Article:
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Basic Versus Advanced Airway

Question Type:
Intervention
Full Question:
Among adults who are in cardiac arrest in any setting  (P), does does insertion of an advanced airway (tracheal tube or SGA)  (I), compared with compared with basic airway (bag-mask device with or without oropharyngeal airway)  (C), change Survival with Favorable neurological/functional outcome at discharge, 30 days, 60 days, 180 days AND/OR 1 year, Survival only at discharge, 30 days, 60 days, 180 days AND/OR 1 year, ROSC, CPR parameters, development of aspiration pneumonia (O)?
Consensus on Science:
All Advanced Airways (I) Versus Bag-Mask Device (C) For the critical outcome of 1-year survival, we have identified very-low-quality evidence (downgraded for very serious risk of bias, indirectness and imprecision, and serious inconsistency) from 1 observational study of 1278 OHCAs showing a similar unadjusted rate of survival with insertion of an advanced airway (tracheal tube, esophageal obturator airway [EOA] or laryngeal mask airway [LMA]) compared with a bag-mask device (3.7% versus 5.6%; OR, 0.65; 95% CI, 0.4–1.1).(Takei 2010, 716) For the critical outcome of favorable neurologic survival at 1 month, we have identified very-low-quality evidence (downgraded for very serious risk of bias and indirectness and serious inconsistency) from 1 observational study of 648 549 OHCAs showing a lower unadjusted rate of survival with insertion of an advanced airway (tracheal tube, LMA, laryngeal tube, or Combitube) compared with management with a bag-mask device (1.1% versus 2.9%; OR, 0.38; 95% CI, 0.36–0.39).(Hasegawa 2013, 257) When adjusted for all known variables, the OR was 0.32 (95% CI, 0.30–0.33). For the critical outcome of favorable neurologic survival to hospital discharge, we have identified very-low-quality evidence (downgraded for very serious risk of bias and indirectness, and serious inconsistency) from 1 observational study of 10 691 OHCAs showing a lower unadjusted rate of survival with insertion of an advanced airway (tracheal tube, LMA, laryngeal tube, or Combitube) compared with management with a bag-mask device (5.3% versus 18.6%; OR, 0.25; 95% CI, 0.2–0.3).(McMullan 2014, 617) In an analysis of 3398 propensity-matched patients from the same study, the OR for favorable neurologic survival at hospital discharge (bag-mask device versus advanced airway) adjusted for all variables was 4.19 (95% CI, 3.09–5.70). For the critical outcome of survival to hospital discharge, we have identified very-low-quality evidence (downgraded for very serious risk of bias and indirectness, and serious inconsistency) from 2 observational studies: 1 of 10 691 OHCAs showed a lower unadjusted rate of survival with insertion of an advanced airway (tracheal tube or LMA) compared with a bag-mask device (7.7% versus 21.9%; OR, 0.30; 95% CI, 0.3–0.3)(McMullan 2014, 617-622); 1 of 5278 OHCAs showed a similar unadjusted rate of survival with insertion of an advanced airway (tracheal tube or LMA) compared with a bag-mask device (6.6% versus 7.0%; OR, 0.94; 95% CI, 0.7–1.3).(Shin 2012, 313) Tracheal Intubation (I) Versus Bag-Mask Device (C) For the critical outcome of favorable neurologic survival at 1 month, we have identified very-low-quality evidence (downgraded for very serious risk of bias and indirectness, and serious inconsistency) from 1 observational study of 409 809 OHCAs showing a lower unadjusted rate of survival with tracheal intubation compared with a bag-mask device (1.0% versus 2.9%; OR, 0.35; 95% CI, 0.31–0.38).(Hasegawa 2013, 257) In an analysis of 357 228 propensity-matched patients from the same study, the OR for favorable neurologic survival at 1 month (tracheal intubation versus bag-mask device) adjusted for all variables was 0.42 (95% CI, 0.34–0.53). For the critical outcome of survival at 1 month, we have identified very-low-quality evidence (downgraded for very serious risk of bias and indirectness, and serious inconsistency) from 2 observational studies. One of 409 809 OHCAs showed a lower unadjusted rate of survival with tracheal intubation compared with a bag-mask device (4.2% versus 5.3%; OR, 0.77; 95% CI, 0.74–0.81).(Hasegawa 2013, 257) In an analysis of 357 228 propensity-matched patients from the same study, the OR for survival at 1 month (tracheal intubation versus bag-mask device) adjusted for all variables was 0.88 (95% CI, 0.79–0.98). Another study of 10 783 OHCAs also showed a lower unadjusted rate of survival with tracheal intubation compared with a bag-mask device (3.6% versus 6.4%; OR, 0.54; 95% CI, 0.5–0.7).(Holmberg 2002, 37) For the critical outcome of favorable neurologic survival to hospital discharge, we have identified very-low-quality evidence (downgraded for very serious risk of bias and indirectness, and serious inconsistency) from 1 observational study of 7520 OHCAs showing a lower unadjusted rate of survival with tracheal intubation compared with a bag-mask device (5.4% versus 18.6%; OR, 0.25; 95% CI 0.2–0.3).(McMullan 2014, 617) For the critical outcome of survival to hospital discharge, we have identified very-low-quality evidence (downgraded for very serious risk of bias, indirectness, and imprecision, and serious inconsistency) from 6 observational studies. One observational study of 7520 OHCAs showing a lower unadjusted rate of survival with tracheal intubation compared with a bag-mask device (8.3% versus 21.9%; OR, 0.25; 95% CI, 0.2–0.3).(McMullan 2014, 617) One study of 4887 OHCAs showed a similar unadjusted rate of survival with insertion of a tracheal tube compared with a bag-mask device (8.0% versus 7.0%; OR, 1.16; 95% CI, 0.7–1.9).(Shin 2012, 313) Among 496 propensity-matched OHCAs in the same study, the OR for survival to discharge (tracheal intubation versus bag-mask device) was 1.44 (95% CI, 0.66–3.15).(Shin 2012, 313) One observational study of 1158 OHCAs showed a lower unadjusted rate of survival with tracheal intubation compared with a bag-mask device (3.7% versus 10.8%; OR, 0.32; 95% CI, 0.2–0.6).(Hanif 2010, 926) One observational study of 8651 OHCAs showed a lower unadjusted rate of survival with tracheal intubation compared with a bag-mask device (3.7% versus 9.1%; OR, 0.41; 95% CI, 0.3–0.5).(Adams 1997, 399) One observational study of 1142 OHCAs showed a lower unadjusted rate of survival with tracheal intubation compared with a bag-mask device (6.3% versus 28.6%; OR, 0.17; 95% CI, 0.1–0.2).(Studnek 2010, 918) Supraglottic Airways (I) Versus Bag-Mask Device (C) For the critical outcome of favorable neurologic survival at 1 month, we have identified very-low-quality evidence (downgraded for very serious risk of bias and indirectness, and serious inconsistency) from 1 observational study of 607 387 OHCAs showing a lower unadjusted rate of survival with insertion of an SGA (LMA, laryngeal tube, or Combitube) compared with a bag-mask device (1.1% versus 2.9%; OR, 0.38; 95% CI, 0.37–0.40).(Hasegawa 2013, 257) In an analysis of 357 228 propensity-matched patients from the same study, the OR for favorable neurologic survival at 1 month (SGA versus bag-mask device) adjusted for all variables was 0.36 (95% CI, 0.33–0.40). For the critical outcome of favorable neurologic survival to hospital discharge, we have identified very-low-quality evidence (downgraded for very serious risk of bias and indirectness, and serious inconsistency) from 1 observational study of 5039 OHCAs showing a lower unadjusted rate of survival with an SGA compared with a bag-mask device (5.2% versus 18.6%; OR, 0.24; 95% CI, 0.2–0.3).(McMullan 2014, 617) For the critical outcome of survival to hospital discharge, we have identified very-low-quality evidence (downgraded for very serious risk of bias, indirectness, and imprecision, and serious inconsistency) from 2 observational studies. One observational study of 5039 OHCAs showed a lower unadjusted rate of survival with an SGA compared with a bag-mask device (6.7% versus 21.9%; OR, 0.26; 95% CI, 0.2–0.3).(McMullan 2014, 617) Another study of 262 OHCAs also showed a lower unadjusted rate of survival with an SGA compared with a bag-mask device (0.0% versus 10.7%).(Hanif 2010, 926) Laryngeal Mask Airway (I) Versus Bag-Mask Device (C) For the critical outcome of survival to hospital discharge, we have identified very-low-quality evidence (downgraded for very serious risk of bias, indirectness, and imprecision, and serious inconsistency) from 1 observational study of 5028 OHCAs showing a similar unadjusted rate of survival with insertion of an LMA compared with a bag-mask device (5.6% versus 7.0%; OR, 0.80; 95% CI, 0.5–1.2).(Shin 2012, 313-319) Among 772 propensity-matched OHCAs in the same study, the OR for survival to discharge (LMA versus bag-mask device) was 0.45 (95% CI, 0.25–0.82).(Shin 2012, 313)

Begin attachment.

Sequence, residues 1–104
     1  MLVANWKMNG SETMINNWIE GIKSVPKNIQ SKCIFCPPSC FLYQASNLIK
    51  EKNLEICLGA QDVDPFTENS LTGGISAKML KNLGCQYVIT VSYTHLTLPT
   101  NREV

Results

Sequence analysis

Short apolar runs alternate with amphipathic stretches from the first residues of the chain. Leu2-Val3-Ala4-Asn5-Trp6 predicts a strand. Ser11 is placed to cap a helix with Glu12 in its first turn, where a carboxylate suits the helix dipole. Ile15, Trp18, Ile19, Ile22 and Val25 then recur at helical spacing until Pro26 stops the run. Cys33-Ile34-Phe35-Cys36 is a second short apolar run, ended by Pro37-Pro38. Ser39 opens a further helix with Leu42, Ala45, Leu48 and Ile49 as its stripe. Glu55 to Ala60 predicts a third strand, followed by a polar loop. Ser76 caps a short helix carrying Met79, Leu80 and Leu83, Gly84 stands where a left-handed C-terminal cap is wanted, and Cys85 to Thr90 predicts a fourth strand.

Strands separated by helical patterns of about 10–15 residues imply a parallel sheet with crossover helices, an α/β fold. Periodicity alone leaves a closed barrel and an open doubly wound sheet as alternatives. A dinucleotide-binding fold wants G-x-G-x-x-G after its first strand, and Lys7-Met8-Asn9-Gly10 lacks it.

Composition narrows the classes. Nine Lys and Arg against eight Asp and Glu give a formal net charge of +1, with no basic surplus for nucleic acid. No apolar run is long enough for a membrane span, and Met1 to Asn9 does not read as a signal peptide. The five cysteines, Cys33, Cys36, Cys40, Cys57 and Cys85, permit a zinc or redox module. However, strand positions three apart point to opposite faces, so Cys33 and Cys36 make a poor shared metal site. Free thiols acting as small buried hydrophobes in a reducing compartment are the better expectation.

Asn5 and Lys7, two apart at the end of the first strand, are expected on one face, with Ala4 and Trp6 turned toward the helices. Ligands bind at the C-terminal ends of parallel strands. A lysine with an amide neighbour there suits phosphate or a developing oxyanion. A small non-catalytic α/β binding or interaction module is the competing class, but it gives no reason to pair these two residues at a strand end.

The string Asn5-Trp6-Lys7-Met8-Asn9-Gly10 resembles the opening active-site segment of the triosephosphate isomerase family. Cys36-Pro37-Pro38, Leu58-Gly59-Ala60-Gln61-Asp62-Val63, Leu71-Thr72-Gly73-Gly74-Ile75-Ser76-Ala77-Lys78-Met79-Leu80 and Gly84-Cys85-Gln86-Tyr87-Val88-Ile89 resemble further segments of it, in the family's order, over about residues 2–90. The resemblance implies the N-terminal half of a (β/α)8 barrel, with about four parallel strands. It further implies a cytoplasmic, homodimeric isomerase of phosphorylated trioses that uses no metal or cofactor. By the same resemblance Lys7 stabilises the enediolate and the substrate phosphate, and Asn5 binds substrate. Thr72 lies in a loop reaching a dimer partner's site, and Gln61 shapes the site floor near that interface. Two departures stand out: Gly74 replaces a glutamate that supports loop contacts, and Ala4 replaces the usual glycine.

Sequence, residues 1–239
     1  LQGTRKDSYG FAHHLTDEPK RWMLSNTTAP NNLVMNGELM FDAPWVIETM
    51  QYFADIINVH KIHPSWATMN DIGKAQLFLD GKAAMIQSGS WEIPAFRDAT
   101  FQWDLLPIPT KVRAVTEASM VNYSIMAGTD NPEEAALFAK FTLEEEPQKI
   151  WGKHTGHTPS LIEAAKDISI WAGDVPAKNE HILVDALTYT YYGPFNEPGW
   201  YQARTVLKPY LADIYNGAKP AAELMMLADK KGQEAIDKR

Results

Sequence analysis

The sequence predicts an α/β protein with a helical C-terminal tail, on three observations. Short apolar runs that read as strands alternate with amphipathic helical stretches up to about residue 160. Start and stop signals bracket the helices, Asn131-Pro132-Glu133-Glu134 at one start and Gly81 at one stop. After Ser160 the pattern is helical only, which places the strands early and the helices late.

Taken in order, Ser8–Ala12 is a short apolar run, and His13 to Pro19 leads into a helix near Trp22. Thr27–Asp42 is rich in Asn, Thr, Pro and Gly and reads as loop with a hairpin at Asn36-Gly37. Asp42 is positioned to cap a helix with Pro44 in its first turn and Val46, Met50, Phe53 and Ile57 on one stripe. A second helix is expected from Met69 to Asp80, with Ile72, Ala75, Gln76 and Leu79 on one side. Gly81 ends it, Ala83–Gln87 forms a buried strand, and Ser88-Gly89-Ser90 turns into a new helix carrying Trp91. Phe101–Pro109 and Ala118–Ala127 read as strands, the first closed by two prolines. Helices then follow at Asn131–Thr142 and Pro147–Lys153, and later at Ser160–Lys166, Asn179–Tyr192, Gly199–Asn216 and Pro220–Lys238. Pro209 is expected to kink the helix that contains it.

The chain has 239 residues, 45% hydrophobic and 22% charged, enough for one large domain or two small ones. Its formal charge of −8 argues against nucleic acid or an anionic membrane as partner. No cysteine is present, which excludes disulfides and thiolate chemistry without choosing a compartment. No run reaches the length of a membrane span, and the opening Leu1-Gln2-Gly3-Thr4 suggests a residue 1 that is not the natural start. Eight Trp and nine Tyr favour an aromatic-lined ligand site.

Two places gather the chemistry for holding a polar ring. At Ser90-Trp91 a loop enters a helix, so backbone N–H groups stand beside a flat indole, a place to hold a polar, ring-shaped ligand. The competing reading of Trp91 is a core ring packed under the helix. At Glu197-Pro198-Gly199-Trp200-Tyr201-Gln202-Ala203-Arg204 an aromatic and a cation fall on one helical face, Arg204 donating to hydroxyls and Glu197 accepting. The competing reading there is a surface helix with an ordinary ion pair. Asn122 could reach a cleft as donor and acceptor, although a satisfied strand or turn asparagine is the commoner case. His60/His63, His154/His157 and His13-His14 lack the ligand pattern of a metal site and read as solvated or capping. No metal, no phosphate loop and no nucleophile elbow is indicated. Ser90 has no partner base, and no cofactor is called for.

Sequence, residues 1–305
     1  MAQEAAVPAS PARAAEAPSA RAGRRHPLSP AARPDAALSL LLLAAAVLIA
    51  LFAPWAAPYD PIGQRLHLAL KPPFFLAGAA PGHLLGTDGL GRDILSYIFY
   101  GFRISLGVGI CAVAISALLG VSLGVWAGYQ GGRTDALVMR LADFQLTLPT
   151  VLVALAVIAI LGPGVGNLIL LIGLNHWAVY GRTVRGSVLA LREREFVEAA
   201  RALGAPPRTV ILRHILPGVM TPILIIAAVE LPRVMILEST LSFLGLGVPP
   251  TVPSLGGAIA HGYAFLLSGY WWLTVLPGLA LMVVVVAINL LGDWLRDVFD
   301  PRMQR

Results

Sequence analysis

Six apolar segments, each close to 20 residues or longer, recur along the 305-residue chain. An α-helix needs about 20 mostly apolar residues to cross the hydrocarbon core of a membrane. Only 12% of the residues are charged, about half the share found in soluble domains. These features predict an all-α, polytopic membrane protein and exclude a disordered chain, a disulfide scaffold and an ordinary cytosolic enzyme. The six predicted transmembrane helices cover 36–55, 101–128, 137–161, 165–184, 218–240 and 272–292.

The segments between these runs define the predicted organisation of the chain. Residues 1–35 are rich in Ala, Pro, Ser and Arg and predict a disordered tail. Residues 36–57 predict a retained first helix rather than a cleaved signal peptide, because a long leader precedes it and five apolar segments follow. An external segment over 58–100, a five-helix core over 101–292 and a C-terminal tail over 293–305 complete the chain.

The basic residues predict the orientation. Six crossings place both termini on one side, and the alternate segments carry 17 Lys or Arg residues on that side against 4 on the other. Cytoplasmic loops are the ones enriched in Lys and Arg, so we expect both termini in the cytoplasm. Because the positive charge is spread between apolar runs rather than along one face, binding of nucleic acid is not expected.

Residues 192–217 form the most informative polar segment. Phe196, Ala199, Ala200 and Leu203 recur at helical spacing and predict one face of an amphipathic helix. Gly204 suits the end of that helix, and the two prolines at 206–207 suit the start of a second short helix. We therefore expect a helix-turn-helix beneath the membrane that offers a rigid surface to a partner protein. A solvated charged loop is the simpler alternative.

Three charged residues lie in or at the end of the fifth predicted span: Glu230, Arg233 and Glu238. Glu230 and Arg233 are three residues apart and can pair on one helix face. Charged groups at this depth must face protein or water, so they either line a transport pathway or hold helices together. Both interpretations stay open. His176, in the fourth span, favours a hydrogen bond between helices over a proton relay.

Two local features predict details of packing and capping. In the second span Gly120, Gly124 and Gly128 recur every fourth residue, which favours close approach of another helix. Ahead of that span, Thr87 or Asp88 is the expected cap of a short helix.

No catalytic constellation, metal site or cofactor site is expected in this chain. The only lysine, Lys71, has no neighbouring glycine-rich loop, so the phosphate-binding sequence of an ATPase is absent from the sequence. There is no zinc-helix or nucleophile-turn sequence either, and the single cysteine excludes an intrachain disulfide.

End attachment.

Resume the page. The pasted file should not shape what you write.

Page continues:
Treatment Recommendation:
We suggest using either an advanced airway or a bag-mask device for airway management during CPR (weak recommendation, very-low-quality evidence) for cardiac arrest in any setting. Values, Preferences, and Task Force Insights In the absence of sufficient data obtained from studies of IHCA, it is necessary to extrapolate from data derived from OHCA. The type of airway used may depend on the skills and training of the healthcare provider. Tracheal intubation may result in unrecognized esophageal intubation and increased hands-off time in comparison with insertion of an SGA or a bag-mask device. Both a bag-mask device and an advanced airway are frequently used in the same patient as part of a stepwise approach to airway management, but this has not been formally assessed.
CoSTR Attachments:
ALS 783 CoS and TR for basic versus advanced 10Jan15_1.doc    
ALS 783 Evidence profile any advanced airway versus Basic_10Jan15_1.doc    
ALS 783 Evidence Profile SGA versus Basic_10Jan15_1.doc    
ALS 783 Evidence Profile Tracheal intubation versus basic_10Jan15_1.doc    
Summary of Bias Assessments for Basic versus Advanced 14Dec14_1.xls